...Financial Matters: With Gerald Loftin


Your credit card is suddenly "maxxed out". Your mortgage application gets rejected. Your savings disappear. In extreme cases straight out of an "Orwellian" nightmare, you could be accused of a crime you didn't commit. You have become a victim of identity theft; the crime whereby someone else fraudulently uses your personal and financial information for their gain. Perpetrators can be any one from computer hackers to international criminal gangs to your garden-variety pickpocket.

A costly concern

The Privacy Rights Clearinghouse estimates damages due to identity theft are upwards of $4 billion a year, victimizing between 500,000 and 700,000 individuals. But it's hard to quantify the true extent of this growing crime-because financial institutions don't want to admit how widespread the problem may be. They fear stricter government-imposed guidelines for issuing credit to consumers, and that would be bad for their bottom lines. For them, it's merely a cost of doing business, much like postage or payroll.

If you think identity theft only affects the individual whose credit line has been wrecked, you're wrong. It's a crime for which we all pay via increased interest rates, APRs, and exorbitant late fees. Credit card companies raise their fees to merchants, who, in turn, increase their prices to keep up, so consumers are affected on another front.

Steps to protect yourself

While there's no guaranteed way to prevent yourself from becoming a victim of identity theft, there are precautions you can take to make it more difficult for someone to steal your good name.

1.Safeguard your trash. It sounds far-fetched, but many criminals go dumpster diving for discarded paperwork. Put your trash out for collection as late as possible. Better yet, spend $30 on a paper shredder. Shred bills, statements, and even those annoying credit card offers you don't respond to.

2.Be skeptical when asked for personal information. You are well within your rights to ask why your cell phone provider needs your mother's maiden name. Find out why they need it and how it's used.

3.Limit your credit. It sounds almost anti-American to preach austerity, but don't open a lot of credit accounts. Reduce your exposure (and your APR) by closing your department or specialty store cards; most chain stores also accept Visa, MasterCard, and American Express. Be sure you get a letter from the issuer declaring your account closed.

4.Secure your social security number. Never carry it in your wallet. Very few places that ask for it really need it. For example, many states use your social security number as your identifier on driver's licenses. Ask to be assigned another number.

5.Monitor your mailbox. If your bills stop appearing, someone might have redirected them by filing a change of address form with the post office. Be sure you recognize every purchase or phone number on your bills and report the ones you don't.

6.Travel light. Don't keep credit cards in your wallet if you don't use them. If you go on vacation, remove the cards-credit, phone, library, or otherwise-you know you won't be using. Always sign the cards the moment you get them. Don't keep PINs with them.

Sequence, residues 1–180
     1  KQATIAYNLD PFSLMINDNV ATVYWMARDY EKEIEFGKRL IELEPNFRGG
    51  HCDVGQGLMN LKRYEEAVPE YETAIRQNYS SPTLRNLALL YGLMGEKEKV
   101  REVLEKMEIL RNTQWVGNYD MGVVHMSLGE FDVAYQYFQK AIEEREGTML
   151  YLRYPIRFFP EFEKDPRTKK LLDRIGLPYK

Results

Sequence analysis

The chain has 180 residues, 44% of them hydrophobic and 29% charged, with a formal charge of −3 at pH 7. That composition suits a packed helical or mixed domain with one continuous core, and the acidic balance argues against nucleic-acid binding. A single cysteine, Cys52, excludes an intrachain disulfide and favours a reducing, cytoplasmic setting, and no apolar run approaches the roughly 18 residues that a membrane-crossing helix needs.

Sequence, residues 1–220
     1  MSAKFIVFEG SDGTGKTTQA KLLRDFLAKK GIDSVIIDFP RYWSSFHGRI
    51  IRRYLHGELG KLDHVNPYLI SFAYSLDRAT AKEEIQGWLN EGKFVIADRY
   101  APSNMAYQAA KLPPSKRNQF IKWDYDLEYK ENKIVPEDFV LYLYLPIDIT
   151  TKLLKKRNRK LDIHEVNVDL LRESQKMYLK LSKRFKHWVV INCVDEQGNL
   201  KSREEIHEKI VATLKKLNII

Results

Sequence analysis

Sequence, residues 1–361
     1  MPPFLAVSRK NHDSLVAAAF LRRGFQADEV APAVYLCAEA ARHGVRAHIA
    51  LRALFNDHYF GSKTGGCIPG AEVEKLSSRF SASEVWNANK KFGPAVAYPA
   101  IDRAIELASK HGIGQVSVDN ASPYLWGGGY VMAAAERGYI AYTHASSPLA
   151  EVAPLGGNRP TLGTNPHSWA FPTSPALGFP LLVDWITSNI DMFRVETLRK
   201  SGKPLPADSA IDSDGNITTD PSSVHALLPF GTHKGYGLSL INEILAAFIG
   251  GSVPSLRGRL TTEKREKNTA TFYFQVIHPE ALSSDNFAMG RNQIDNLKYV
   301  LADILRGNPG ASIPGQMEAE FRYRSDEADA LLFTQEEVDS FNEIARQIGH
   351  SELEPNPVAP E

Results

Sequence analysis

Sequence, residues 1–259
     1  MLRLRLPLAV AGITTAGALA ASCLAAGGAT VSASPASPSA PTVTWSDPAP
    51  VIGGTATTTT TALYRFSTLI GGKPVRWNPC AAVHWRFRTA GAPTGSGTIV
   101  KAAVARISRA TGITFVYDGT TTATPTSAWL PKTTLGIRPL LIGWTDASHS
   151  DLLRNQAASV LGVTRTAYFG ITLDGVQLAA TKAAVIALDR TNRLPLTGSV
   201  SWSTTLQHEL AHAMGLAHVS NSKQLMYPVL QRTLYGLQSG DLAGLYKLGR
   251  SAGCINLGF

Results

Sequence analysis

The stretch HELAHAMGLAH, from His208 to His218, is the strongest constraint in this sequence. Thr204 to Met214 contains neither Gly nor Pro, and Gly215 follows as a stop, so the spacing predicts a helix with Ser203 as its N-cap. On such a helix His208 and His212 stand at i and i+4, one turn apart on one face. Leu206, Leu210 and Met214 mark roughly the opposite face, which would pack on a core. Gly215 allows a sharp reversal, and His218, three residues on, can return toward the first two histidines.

7.Get your credit report annually. Equifax, Experian, and TransUnion are the major credit bureaus. In some states, you are entitled to a free copy of your credit report; in others, you may pay up to $9-but it's a small investment when it comes to your peace of mind and security. Report anything that doesn't match your records. The credit bureau will then send you a copy of the updated report.

8.Check out "disposable" credit cards. American Express and Visa have developed credit card numbers for their members that can be used only once for Internet shopping. The charge shows up on your regular statement.

What if you become a victim

In 1998, Congress made identity theft a federal offense. Numerous government organizations have established programs to help. Call your financial institutions and report the theft as soon as possible to limit your exposure. Contact your local office of the Postal Inspection Service if you think someone has submitted a change of address form with the post office to allow them to receive your mail, or has posed as you to commit fraud through the mail. The Social Security Administration's Inspector General's office has a special hotline (800-269-0271) to report instances of identity theft. The Federal Trade Commission (FTC) also has a special Identity Theft Hotline (1-877-ID-THEFT). Your information goes into a secure database and may be shared with law enforcement agencies and private companies. The FTC also offers the ID Theft Affidavit, which you can use to alert companies where a new account was opened in your name. Not every company accepts the affidavit; the FTC's Identity Theft Web site, offers a list of those that do. Depending on how widespread the identity theft was, you might also need to retain an attorney. While, ultimately, the financial institution will usually absorb the costs of unauthorized charges, you may spend years trying to regain your credit standing to simply write a check at the grocery store. A lawyer can best advise you of your course of action.

Be proactive

On average, it takes 14 months for you to discover you are a victim of identity theft. By then, the perpetrator has burned countless others. But the damage has been done, and the long arduous battle to restore your creditworthiness and identity has just begun. Being aware of the ways in which criminals can steal your identity-and taking steps to safeguard yourself-will help you prevent years of heartache.


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